Co - design of Intergenerational spaces EJ - EVENT 10TH AUG 2017
DESIGN. Design. CO-DESIGN. PLACE. Co-design. Place. - AND the THE RACE FORfor SPACE - and race space - BY M ARK .
RECENTLY, OVER 40 PEOPLE GATHERED IN OUR WOLLONGONG STUDIO to sh
in a discussion about the benefits of urban spaces where a diversity of generations can interact. Our them
through recent events has been promoting a design process that engages with the end user from the outs
of a project. Popularly called CO-DESIGN, this process of creating urban and built environments focuse on NOT JUST DESIGNING FOR PEOPLE, BUT WITH PEOPLE.
Our Danish collaborators, RASMUS FRISK AND THOMAS
AARUP DUE FROM ARKI_LAB, shared their experiences designing with people to create urban spaces that encourage interaction across all ‘LIFE PHASES’. Thomas’ beautiful story
about a conversation with an elderly lady at a bus stop touched many of us as we were reminded of our own prejudices. He was seeing frail older lady – she told him she was missing her days as a ballerina.
Aboriginal elder, UNCLE MAX, brought a quiet stillness to the room. His thoughtful storytelling gave everyone a firsthand experience of what it was like to sit at the feet of a wise elder. Uncle Max spoke of learning through observation and recalled lessons from his youth where his elders taught him the value of PATIENCE AND RESPECT.
To genuinely engage co-design, “YOU NEED TO BELIEVE
THAT THEY KNOW SOMETHING THAT YOU DON’T KNOW” according to Pritzker prize winning Chilean architect, Alejandro Aravena, awarded for his groundbreaking work in social housing. As Margie noted after Uncle Max’s talk, “BEING AUTHENTIC IS ONE OF THE MOST
CRITICAL ASPECTS IN A CO-DESIGN PROJECT.”
BY RU BY SO E T ER B O E K
comments COMMENTS TROY
Most importantly for me it cemented the IMPORTANCE of being present in the ENVIRONMENT and the people’s world around us. As Uncle Max noted, to watch the world talk to us. And to pause be present and listen - co-design. To be present in other people’s world and know the older person sitting next to you may well miss her ballet.
APPRECIATE AND RESPECT THE CONTRIBUTION YOU MAKE! I took a lot away from this evening. I expect we all did in our own way.
- P H OTO BY J O S H W I L B U R N E O N U N S P L AS H
For Me . . . . . . the most POWERFUL MESSAGE was the story Tom told about the old lady who used to dance ballet and misses it. It reminded me not to simply judge a book by its cover and to recognise the person within, especially when dealing with seniors, people with physical disabilities, different races etc.
HOPEFULLY ONE DAY I WILL HAVE THE PRIVILEGE TO BE OLD, AND I HOPE PEOPLE DON’T LOOK THROUGH ME AND MISS THE PERSON INSIDE.
MARGIE Shelly the ethnographer from jump the Fence said “ I would describe UNCLE MAX’S PRESENTATION AS A MEANDERING” which I felt captured the essence of both his presentation, and his process.
BEING AUTHENTIC IS ONE OF THE MOST CRITICAL ASPECTS IN A CO-DESIGN PROJECT. WAS SUCH AN INTERESTING NIGHT!
Thanks for inviting me.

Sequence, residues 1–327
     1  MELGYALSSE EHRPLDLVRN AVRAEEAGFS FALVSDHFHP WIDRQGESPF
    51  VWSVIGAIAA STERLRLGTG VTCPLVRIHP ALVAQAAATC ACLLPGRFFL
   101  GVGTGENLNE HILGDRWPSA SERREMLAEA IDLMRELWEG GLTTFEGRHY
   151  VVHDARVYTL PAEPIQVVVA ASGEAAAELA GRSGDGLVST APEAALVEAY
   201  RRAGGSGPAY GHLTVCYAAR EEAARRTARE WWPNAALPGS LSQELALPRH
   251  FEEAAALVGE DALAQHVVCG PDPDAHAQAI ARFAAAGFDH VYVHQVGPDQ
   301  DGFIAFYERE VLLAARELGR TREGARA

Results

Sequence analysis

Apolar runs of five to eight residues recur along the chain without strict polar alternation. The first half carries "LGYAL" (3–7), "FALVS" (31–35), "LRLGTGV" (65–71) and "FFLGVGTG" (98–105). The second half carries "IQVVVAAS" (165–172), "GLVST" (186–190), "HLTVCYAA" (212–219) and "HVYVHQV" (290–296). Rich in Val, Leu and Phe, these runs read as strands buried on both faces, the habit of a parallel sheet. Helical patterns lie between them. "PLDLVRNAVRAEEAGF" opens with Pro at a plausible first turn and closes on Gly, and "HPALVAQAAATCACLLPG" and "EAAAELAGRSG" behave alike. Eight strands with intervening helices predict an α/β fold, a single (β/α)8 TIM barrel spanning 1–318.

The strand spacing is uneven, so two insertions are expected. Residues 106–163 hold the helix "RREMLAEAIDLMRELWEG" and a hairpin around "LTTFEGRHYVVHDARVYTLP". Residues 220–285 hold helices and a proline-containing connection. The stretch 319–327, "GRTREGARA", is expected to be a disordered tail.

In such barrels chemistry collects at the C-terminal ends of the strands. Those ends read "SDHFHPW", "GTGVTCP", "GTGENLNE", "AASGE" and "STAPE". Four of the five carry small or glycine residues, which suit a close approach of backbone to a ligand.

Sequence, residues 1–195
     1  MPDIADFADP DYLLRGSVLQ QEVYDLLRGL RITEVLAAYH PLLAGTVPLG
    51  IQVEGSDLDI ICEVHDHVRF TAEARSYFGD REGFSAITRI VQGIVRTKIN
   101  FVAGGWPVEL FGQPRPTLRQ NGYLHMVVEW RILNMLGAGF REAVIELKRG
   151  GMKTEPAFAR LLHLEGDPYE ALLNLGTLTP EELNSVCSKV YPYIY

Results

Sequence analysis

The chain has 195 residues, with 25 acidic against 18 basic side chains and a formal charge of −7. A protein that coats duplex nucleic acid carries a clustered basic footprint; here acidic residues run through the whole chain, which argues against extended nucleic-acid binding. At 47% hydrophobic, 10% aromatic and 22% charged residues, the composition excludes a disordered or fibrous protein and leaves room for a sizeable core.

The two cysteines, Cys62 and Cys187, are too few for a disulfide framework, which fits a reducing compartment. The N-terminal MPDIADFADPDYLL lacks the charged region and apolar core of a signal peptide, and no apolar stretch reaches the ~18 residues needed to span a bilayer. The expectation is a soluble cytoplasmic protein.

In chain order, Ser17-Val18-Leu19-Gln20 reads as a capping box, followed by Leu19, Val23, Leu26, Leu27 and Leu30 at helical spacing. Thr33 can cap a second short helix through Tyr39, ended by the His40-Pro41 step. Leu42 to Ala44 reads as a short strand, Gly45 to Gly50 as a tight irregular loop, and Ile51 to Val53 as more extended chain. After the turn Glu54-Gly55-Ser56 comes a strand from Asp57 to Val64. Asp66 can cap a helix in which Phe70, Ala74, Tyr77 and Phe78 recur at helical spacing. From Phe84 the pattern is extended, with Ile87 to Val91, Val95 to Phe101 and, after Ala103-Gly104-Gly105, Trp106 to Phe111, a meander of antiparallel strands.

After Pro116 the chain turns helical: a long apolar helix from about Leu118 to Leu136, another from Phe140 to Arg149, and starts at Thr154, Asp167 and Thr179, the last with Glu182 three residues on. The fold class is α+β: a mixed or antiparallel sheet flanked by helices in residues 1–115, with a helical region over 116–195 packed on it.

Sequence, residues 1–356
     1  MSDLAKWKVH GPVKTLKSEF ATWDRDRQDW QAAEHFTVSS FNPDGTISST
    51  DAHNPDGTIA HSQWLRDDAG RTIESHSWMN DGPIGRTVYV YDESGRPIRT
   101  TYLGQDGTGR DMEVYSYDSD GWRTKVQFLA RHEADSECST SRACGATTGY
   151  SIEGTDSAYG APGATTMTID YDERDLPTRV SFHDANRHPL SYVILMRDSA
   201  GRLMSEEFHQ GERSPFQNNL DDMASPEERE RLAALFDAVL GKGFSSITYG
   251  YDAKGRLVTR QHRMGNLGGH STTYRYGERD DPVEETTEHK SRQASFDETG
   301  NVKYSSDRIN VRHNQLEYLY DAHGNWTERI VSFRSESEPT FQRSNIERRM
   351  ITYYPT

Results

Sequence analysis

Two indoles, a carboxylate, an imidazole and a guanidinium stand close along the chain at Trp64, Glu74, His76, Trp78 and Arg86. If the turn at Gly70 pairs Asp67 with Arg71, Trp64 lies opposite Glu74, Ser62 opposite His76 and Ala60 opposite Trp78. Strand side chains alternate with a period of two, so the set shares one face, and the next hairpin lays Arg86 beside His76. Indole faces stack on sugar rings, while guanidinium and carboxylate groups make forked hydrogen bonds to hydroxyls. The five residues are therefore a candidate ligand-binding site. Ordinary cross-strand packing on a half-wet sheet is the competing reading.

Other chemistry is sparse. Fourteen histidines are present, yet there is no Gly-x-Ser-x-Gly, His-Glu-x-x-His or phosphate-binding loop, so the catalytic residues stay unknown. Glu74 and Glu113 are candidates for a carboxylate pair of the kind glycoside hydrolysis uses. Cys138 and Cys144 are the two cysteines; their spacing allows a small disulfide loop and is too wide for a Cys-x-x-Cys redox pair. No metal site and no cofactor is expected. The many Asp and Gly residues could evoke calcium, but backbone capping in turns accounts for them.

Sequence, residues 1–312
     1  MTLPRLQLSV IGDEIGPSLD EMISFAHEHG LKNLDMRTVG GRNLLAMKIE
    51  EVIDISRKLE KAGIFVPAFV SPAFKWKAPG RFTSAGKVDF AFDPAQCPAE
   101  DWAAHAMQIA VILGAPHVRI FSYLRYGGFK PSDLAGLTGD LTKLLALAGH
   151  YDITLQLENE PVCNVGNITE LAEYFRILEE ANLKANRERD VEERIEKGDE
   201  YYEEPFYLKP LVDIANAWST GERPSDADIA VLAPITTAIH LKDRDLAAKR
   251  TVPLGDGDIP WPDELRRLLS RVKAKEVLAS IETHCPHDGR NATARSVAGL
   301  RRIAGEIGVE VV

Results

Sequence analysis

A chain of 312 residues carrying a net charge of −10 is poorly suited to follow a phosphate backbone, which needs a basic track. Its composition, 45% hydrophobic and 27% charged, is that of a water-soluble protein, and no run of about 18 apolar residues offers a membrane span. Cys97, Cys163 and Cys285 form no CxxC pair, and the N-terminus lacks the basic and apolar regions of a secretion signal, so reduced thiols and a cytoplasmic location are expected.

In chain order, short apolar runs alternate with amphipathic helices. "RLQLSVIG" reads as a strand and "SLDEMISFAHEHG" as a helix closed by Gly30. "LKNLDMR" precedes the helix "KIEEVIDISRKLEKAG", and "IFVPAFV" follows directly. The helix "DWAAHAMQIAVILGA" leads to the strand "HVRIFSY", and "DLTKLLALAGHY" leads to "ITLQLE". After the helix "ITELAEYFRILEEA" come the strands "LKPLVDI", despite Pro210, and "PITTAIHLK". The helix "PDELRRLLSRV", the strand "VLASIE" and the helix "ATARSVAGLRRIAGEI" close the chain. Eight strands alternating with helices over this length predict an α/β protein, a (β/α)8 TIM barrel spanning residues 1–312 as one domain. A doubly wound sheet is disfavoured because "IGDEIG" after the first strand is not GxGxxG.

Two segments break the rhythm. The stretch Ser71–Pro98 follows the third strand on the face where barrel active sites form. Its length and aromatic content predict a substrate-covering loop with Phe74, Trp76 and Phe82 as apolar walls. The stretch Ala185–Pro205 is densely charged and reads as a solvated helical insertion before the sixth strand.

It was really INTERESTING! As English is my second language I had some problems understanding Uncle Max, but making my own interpretation of what he said is also a good exercise.
SENSIBILITY SHOULD BE THE HEADLINE, NOT ONLY IN ARCHITECTURE, BUT IN EVERYTHING THAT INVOLVES PEOPLE WITH DIFFERENCES.
I liked the thing about designing together. Ask the user what they want,
On the topic of education, there was a great point that touched on experience; A child that had never felt the grass between her toes. To go outside and touch the grass, smell it, break one of the long grass blades, wallow on it, jump around, or have a nap between the wild flowers. . . Can you imagine a better way to think about or design something than you have not experienced before?
which are their wishes, their ideas, motivations, their hidden creativityâ€Ś all like a mess that the architect collects and puts together in a real way. Then, when is built,
And then I found it funny the point of making urban design as if it was a party. You invite everyone, but how do you get to make everyone to stay until the end? Different strategies for the different ages. Like at weddings!
magically people use it and it works. But it is not magic, itâ€™s co-design!
- P H OTO BY J U L I A N W I L D N E R O N U N S P L AS H
thoughts from the workshop.
This was a FASCINATING comparison between the INTERGENERATIONAL relationships of modern society, portrayed by arki_lab, and the “ancient knowledge” of Aboriginal
culture, passed down through the generations. Modern society understands there are “LIFE PHASES” and today’s society encourages “AGEISM”, where we generally like to be with people of our own generation. This contrasted to the Aborigines lifestyle, where experience is gained through PATIENCE AND OBSERVATION whilst living in INTERGENERATIONAL families, reinforced by a strong understanding and relationship with their land and all that it provides. The ability to provide (for example) Seniors Living projects, which encourage integration between generations and also between residents and communities, is one way that all generations can benefit from each other through cohabitation, whether by learning from our elders, or from the exuberance of youth.
Connection to the LAND AND PLACE is so important in this world of geo-location and constant digital/social reminders of where we have been and where we are.
AND THAT CONNECTION IS SUCH A SIMPLE IDEA TOO. TO STOP AND WATCH AND HEAR WHAT IS AROUND YOU . . .
I also noticed that Uncle Max, like Ian Brown at the last event, commented that while discussion is very important, we also look to architects and designers to come up with something that is beautiful.
thank you. THANK YOU. Thanks for sharing this event with us. One of our ambitions is to hold this sort of activity to engage and involve the community. So, thanks to everybody for coming in and contributing. - SEE YOU NEXT TIME.
Published on Sep 28, 2017